Shoppers stroll along the shops on Main Street. (Photos by Addison Hinkle)
Store owners in Columbia have noticed a difference in prices from their suppliers as well as the willingness of customers to spend on their merchandise.
Nationally, the price of all items, besides food and energy, has increased by 6.4% over the past 12 months, according to the U.S. Bureau of Labor and Statistics.
Sneak a Peek Boutique in downtown Columbia has struggled to find customers since opening in January 2022. The store provides ultrasounds and baby clothes for expectant mothers.
“We have noticed that, maybe our merchandise providers, they have had to raise prices and so we’ve had to reflect that,” said Lauren McAllister, a sales clerk at Sneak a Peek.
And traffic in the store has dropped.
“It’s slowed down tremendously in the past few months,” she said.
Jahson Wildes, one of the owners of Natural Vibrations in Five Points, has been in the business for 25 years. Wildes says his business, which sells smoking products and clothing, has experienced dips in the economy before.
“In 2008, when the prior recession started, we didn’t feel it for the first year and a half after they started talking,” Wildes said. “So, we didn’t feel it here until about midway through the recession, so I’m expecting that (again). A lot of people say and are telling us to expect Spring 2023 when we really start to feel it.”
Shoppers, such as fourth-year University of South Carolina student Lauren Yalvac, have held back on unneeded expenditures because of inflation.
“Since prices are going up, I’ve had to go to a stricter budget,” Yalvac said. “I haven’t bought new clothes in a while. I’ve wanted a couple of things, but it’s just everything’s so expensive right now. I’m just kind of waiting on it.”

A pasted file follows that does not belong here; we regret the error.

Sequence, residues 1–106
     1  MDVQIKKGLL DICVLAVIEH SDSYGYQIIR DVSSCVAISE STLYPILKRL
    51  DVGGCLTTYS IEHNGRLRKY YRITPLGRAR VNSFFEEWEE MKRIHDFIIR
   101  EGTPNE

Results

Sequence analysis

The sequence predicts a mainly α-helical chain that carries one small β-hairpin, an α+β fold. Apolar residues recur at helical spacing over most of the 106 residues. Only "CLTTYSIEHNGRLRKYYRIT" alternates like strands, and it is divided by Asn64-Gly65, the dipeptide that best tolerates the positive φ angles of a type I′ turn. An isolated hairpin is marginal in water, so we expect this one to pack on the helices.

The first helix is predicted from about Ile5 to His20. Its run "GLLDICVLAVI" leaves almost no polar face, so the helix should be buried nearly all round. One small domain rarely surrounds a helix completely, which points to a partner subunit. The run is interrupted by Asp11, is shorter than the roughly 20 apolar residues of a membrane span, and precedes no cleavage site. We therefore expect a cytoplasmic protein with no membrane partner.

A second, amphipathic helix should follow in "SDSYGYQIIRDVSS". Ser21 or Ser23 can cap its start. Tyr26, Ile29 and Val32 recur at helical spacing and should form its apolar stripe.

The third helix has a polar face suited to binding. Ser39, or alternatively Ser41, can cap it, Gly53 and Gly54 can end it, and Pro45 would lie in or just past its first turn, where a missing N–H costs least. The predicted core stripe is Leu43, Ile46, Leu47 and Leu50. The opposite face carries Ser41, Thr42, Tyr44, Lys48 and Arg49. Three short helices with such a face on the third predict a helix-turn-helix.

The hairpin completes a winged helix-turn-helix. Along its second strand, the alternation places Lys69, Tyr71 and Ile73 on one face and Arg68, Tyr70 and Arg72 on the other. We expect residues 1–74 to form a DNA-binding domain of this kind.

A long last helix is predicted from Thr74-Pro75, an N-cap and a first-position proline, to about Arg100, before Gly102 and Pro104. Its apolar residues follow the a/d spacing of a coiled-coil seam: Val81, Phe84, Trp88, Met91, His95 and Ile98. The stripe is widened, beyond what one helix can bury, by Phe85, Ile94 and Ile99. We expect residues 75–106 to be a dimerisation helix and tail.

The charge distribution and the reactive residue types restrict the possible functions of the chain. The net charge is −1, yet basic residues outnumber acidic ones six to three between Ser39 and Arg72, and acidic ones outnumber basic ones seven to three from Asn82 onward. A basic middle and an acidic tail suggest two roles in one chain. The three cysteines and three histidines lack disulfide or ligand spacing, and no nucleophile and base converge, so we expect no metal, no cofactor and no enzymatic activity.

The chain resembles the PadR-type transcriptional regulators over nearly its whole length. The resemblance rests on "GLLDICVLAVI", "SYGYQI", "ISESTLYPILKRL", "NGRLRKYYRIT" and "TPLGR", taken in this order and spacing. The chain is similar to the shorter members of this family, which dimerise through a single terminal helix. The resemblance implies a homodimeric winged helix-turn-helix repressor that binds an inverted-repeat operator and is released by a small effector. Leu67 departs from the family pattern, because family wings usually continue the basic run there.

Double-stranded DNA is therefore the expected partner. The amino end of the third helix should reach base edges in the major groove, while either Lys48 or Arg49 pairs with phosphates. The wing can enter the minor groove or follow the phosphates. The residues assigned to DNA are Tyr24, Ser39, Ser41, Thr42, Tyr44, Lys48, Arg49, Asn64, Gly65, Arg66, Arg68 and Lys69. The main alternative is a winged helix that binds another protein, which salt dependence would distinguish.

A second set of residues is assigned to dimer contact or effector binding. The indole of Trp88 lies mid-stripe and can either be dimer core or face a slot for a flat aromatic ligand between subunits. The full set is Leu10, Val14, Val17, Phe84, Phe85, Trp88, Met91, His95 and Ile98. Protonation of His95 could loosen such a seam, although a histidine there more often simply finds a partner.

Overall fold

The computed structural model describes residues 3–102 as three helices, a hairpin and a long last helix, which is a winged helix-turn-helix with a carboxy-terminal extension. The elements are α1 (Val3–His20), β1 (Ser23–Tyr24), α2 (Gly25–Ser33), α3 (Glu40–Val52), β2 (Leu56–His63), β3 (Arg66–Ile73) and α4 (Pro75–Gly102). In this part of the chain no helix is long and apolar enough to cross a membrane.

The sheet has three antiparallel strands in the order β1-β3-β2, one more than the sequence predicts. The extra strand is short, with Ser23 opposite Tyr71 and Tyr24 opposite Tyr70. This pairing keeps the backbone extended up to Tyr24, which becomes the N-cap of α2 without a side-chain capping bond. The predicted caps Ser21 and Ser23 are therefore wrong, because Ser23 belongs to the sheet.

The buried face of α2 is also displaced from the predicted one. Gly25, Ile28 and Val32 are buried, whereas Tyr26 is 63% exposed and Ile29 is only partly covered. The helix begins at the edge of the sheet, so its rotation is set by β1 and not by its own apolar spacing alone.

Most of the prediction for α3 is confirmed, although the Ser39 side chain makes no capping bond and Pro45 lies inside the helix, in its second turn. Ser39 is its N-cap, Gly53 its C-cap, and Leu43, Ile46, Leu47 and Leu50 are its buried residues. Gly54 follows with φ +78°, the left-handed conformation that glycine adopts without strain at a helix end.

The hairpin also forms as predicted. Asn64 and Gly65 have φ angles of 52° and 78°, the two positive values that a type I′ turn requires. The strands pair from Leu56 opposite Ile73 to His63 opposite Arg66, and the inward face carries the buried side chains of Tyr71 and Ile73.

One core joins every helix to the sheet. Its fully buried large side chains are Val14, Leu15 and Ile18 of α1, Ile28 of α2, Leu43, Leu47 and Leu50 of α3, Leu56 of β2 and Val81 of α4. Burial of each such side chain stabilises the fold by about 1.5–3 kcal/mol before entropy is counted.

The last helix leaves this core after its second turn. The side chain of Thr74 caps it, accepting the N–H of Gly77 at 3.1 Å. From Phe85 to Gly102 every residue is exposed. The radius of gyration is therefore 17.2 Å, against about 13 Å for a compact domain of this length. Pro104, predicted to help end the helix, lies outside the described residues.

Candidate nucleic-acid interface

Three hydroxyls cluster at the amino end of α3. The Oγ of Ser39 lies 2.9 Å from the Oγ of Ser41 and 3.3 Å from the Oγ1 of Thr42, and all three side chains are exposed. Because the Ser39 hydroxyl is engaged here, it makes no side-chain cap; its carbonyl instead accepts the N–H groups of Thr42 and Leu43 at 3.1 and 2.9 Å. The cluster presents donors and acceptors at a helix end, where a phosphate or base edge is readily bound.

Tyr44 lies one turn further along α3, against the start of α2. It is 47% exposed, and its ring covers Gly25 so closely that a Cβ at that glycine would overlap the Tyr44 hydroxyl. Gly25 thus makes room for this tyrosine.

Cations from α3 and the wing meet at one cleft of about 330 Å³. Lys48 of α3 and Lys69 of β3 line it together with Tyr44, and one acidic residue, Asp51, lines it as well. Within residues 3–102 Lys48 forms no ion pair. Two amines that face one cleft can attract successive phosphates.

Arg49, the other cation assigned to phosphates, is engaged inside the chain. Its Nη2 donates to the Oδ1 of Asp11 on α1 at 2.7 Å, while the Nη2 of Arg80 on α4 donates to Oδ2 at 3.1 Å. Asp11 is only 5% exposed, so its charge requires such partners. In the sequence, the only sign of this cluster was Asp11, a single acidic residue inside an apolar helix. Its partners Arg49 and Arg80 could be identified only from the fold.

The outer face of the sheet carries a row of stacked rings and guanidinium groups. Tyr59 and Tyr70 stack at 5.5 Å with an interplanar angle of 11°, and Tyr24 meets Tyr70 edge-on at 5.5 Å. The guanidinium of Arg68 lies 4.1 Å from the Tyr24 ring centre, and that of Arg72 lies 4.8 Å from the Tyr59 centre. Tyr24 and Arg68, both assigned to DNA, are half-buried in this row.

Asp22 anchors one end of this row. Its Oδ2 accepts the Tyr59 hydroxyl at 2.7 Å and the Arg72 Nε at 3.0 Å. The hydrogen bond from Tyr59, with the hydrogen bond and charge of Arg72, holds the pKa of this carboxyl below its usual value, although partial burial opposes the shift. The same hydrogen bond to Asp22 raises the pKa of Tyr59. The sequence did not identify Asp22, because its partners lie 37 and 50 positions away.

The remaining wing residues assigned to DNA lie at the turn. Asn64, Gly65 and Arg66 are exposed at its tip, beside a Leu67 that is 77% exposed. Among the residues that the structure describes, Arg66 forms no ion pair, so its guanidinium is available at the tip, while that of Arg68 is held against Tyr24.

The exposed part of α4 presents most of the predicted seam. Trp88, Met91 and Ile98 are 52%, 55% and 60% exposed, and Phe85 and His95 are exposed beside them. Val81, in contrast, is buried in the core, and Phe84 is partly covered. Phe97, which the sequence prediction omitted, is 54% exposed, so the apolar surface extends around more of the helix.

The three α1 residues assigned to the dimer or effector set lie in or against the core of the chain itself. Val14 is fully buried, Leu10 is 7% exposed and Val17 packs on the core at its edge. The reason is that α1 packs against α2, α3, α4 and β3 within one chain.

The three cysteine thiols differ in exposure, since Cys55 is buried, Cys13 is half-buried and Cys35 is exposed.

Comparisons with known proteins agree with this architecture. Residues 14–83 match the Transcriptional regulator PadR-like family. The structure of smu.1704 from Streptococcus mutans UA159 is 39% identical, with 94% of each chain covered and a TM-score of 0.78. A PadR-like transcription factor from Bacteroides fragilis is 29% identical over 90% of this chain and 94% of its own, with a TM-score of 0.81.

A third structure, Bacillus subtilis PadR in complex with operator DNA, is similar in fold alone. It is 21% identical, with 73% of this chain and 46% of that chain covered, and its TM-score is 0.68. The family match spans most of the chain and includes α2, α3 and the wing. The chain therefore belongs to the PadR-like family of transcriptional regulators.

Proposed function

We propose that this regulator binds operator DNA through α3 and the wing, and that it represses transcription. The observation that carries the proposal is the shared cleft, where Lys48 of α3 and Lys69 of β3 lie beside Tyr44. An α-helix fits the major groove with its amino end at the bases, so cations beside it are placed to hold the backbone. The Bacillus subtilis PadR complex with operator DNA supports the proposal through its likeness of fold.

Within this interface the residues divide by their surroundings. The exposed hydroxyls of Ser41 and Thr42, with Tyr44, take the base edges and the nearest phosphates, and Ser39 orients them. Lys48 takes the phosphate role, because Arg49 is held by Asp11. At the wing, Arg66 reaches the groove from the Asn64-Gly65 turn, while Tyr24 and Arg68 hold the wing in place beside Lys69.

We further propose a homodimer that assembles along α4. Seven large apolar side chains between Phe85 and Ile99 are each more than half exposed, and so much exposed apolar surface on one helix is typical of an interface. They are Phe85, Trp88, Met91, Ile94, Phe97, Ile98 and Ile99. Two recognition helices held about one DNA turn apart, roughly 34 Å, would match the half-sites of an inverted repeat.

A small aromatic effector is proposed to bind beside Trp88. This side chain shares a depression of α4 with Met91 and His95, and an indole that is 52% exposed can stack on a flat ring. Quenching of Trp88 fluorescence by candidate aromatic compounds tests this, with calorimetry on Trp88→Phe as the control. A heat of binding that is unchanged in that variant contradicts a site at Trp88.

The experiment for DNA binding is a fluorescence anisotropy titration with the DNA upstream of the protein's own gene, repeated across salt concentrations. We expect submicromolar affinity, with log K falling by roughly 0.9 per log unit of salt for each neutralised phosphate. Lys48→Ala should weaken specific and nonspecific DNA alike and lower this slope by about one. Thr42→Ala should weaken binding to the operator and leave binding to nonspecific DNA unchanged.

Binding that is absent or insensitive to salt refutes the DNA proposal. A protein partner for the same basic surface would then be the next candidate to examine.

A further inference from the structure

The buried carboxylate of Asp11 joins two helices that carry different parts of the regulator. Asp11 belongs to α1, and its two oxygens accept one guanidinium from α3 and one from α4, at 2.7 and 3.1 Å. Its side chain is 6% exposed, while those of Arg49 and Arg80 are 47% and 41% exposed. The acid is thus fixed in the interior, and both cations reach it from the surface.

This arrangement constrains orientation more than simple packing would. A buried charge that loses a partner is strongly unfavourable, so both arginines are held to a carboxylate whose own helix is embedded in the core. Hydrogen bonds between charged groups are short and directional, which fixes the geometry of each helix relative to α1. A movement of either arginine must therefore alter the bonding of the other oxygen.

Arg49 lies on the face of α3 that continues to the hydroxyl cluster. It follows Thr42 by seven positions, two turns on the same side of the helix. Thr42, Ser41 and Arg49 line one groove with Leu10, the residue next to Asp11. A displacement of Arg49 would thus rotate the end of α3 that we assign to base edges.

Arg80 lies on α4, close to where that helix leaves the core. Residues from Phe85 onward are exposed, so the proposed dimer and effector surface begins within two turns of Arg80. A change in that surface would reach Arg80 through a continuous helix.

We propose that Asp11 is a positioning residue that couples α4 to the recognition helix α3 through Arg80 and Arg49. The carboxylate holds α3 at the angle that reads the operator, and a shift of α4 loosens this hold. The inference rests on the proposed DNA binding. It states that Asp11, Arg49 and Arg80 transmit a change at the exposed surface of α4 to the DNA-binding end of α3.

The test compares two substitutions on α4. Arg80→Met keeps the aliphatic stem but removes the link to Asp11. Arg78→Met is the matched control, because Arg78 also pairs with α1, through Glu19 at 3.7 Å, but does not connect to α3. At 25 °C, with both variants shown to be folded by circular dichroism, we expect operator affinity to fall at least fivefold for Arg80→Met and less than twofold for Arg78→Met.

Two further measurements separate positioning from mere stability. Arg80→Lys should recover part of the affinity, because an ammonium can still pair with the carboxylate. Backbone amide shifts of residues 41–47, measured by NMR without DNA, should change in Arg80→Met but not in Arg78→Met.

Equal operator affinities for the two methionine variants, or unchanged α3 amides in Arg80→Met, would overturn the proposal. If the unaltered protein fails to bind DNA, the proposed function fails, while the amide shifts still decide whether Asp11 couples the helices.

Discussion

Businesses are forced to raise their prices in order to make a profit, said USC Associate Professor of Economics William Hauk.
“For some people, it’s going to simply just be hard – there’s not a very easy way around that,” Hauk said. “To the extent that stores are able to, they’re going to try to pass along those increased prices to their consumers.”
At Good for the Sole in Five Points, owner Kelly Tabor has started to expand his inventory to meet customers at what they’re willing to spend.
“I have tried to diversify what I carry,” Tabor said. “So I’m carrying still good quality product, but at a lesser price point.”
Tabor said he buys his shoes from sales representatives from different companies. He has noticed that some of his suppliers are bringing in lower-priced products. One company that typically sells its shoes for $200, for example. But rather than create new designs, it has reintroduced older ones and reduced their prices by 50%.
“I’ve had some companies, like this company, Antelope,” Tabor said. “They’re still doing their boots for you know $200, $190, that sort of thing. But they’ve also come out with a budget-friendly line.”
Tabor has sold more of the older styles of Antelope than its newer models.
“By not having to change up the styling, by not having to learn how to, you know, make the shoes differently, they just switch up the color,” he said.
Natural Vibrations has experienced economic difficulties before and is preparing for the upcoming months.
“We know how to tighten down,” Wildes said.